1. Limited time only! Sign up for a free 30min personal tutor trial with Chegg Tutors
    Dismiss Notice
Dismiss Notice
Join Physics Forums Today!
The friendliest, high quality science and math community on the planet! Everyone who loves science is here!

Rust from my microwave ruined a nice bowl of soup and also my day

  1. Feb 12, 2012 #1
    Hello all,

    Upon enjoying a nice hearty bowl of tomato soup, warmed conveniently in my microwave, I noticed a few mysterious specks of something dark floating around. On inspection it turned out that this was rust that had fallen from the roof of my microwave.

    Being a rather anxious person, my first thought was that I had ingested some terrible radioactive pieces of metal and that I only had minutes to live. However some internet research somewhat alleviated these fears, mainly due to the fact that microwaves are non-ionising. However the risks of eating rust from a microwave were not conclusively answered.

    I know that eating a bit of rust will do nobody any harm, however I wanted to ask your expert advice as to whether rust from a microwave was somehow more harmful? My logic behind this, almost certainly flawed, is that after years of being beamed with microwaves, could the rust somehow have become toxic?

    Thanks in advance for your replies, I know this may be a silly question, but sometimes my anxiety just won't go away until I receive a factual answer.
  2. jcsd
  3. Feb 12, 2012 #2


    User Avatar
    Science Advisor

    Rust is rust. Certainly, there is nothing "radioactive" about a microwave oven. And microwaves cook food primarily by boiling water in the food. They are not going to do anything to the metal in the oven itself except heat it.
  4. Feb 12, 2012 #3
    Also, microwaves don't actually have microwave fields (why we haven't fixed their name, I don't know). Microwaves are more like hundred-mm-waves. In the whole EM spectrum, that's weak sauce. DNA damage will happen at energies of about 1eV, and microwaves have 1e-5eV.

    The only thing microwaves do is jiggle dipoles -- the dipoles in food are mostly water. From thermodynamics we know that the faster a molecule moves, the "hotter" a system is. Jiggling dipoles equal speed.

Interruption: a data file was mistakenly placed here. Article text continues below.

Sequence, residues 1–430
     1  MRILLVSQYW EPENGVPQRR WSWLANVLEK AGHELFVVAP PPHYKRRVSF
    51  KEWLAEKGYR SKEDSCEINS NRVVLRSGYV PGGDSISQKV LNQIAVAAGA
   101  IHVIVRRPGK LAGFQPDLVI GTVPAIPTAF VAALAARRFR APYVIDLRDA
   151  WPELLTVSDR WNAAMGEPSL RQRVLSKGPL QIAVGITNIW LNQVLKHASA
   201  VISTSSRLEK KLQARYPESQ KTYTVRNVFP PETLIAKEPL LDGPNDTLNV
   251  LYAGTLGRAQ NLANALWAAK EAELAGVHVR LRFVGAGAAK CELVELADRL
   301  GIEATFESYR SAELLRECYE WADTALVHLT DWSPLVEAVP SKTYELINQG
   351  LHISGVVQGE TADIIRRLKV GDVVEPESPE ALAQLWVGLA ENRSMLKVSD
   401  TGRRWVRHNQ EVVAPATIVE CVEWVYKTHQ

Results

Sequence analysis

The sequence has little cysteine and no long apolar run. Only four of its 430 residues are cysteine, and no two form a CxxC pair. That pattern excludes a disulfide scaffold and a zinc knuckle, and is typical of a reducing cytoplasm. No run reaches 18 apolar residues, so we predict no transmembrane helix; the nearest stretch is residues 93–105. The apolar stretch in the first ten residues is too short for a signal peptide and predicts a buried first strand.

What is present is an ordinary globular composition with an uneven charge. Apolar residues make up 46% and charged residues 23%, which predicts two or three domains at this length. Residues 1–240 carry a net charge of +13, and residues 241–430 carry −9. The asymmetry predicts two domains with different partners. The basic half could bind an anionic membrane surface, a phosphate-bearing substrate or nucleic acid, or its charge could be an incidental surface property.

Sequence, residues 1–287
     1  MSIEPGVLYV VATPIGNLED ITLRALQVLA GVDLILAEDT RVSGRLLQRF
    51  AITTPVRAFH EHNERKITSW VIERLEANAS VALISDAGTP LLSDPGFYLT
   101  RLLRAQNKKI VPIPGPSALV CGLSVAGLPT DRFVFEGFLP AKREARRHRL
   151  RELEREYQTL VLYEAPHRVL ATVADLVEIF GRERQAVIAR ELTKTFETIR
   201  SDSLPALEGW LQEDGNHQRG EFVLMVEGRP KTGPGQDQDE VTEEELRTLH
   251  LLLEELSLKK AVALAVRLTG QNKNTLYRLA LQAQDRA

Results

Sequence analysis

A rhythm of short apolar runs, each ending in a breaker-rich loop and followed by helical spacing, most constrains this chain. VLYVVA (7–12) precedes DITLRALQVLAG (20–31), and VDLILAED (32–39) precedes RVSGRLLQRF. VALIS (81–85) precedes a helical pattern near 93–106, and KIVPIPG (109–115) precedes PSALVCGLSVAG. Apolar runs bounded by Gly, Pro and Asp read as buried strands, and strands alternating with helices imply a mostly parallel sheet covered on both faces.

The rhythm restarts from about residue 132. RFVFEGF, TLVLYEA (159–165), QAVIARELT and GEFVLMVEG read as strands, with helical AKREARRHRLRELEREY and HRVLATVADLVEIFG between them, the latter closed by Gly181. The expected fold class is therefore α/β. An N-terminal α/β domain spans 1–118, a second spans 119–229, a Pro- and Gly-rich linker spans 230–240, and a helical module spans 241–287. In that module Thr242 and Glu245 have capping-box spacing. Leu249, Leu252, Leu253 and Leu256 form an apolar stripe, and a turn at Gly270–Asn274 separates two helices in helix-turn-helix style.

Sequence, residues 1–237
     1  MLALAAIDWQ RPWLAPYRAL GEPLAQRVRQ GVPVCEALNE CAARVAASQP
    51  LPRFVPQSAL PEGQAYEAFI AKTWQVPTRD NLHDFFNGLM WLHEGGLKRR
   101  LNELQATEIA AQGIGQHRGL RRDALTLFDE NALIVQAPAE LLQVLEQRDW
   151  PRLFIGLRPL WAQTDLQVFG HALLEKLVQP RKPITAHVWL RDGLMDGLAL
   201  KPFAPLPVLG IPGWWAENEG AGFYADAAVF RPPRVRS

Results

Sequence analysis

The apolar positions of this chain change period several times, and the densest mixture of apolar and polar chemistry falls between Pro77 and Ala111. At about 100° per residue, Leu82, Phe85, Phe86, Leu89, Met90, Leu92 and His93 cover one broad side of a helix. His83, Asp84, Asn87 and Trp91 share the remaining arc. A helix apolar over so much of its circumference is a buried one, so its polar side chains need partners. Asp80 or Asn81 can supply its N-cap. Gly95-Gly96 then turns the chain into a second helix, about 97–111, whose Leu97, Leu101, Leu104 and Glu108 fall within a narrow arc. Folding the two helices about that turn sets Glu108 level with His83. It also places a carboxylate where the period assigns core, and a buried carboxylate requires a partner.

Rust is iron oxide. We require iron for our blood. No harm in eating it. I do not, however, know if there is a harm in saturating your body with iron. So, I guess, be safe and don't gobble up all the rust. ;)

    I didn't even realize that microwaves could get rust, must be pretty old and pretty uncared for.
  5. Feb 12, 2012 #4
    Keep in mind that all those "iron-enriched" cereals actually have iron iron powder on them. If you grind them and pass a magnet, it will collect pure iron powder.

    Not sure what kind of iron they put in these cereals, though. I suspect it will have some oxides in it, but no proof about that.
  6. Feb 12, 2012 #5
    You can prevent that by covering your food with a paper plate. That will keep the top from rusting out.
  7. Feb 14, 2012 #6
    If the microwave is getting that decrepit maybe you should get a new one? If you are getting sharp edges and holes inside the microwave you might get arcing, and or excessive microwave leakage. It can interfere with cordless phones.

    Also, the metal inside my microwave is painted or coated with a white material, paint or plastic?

    You've probably eaten some of that too. I suppose it isn't toxic, but another reason to get a new one.

    BTW, are you sure it's rust?? Might be baked on spaghetti sauce from that boil over last week you didn't clean up very well . .

    ; )
Share this great discussion with others via Reddit, Google+, Twitter, or Facebook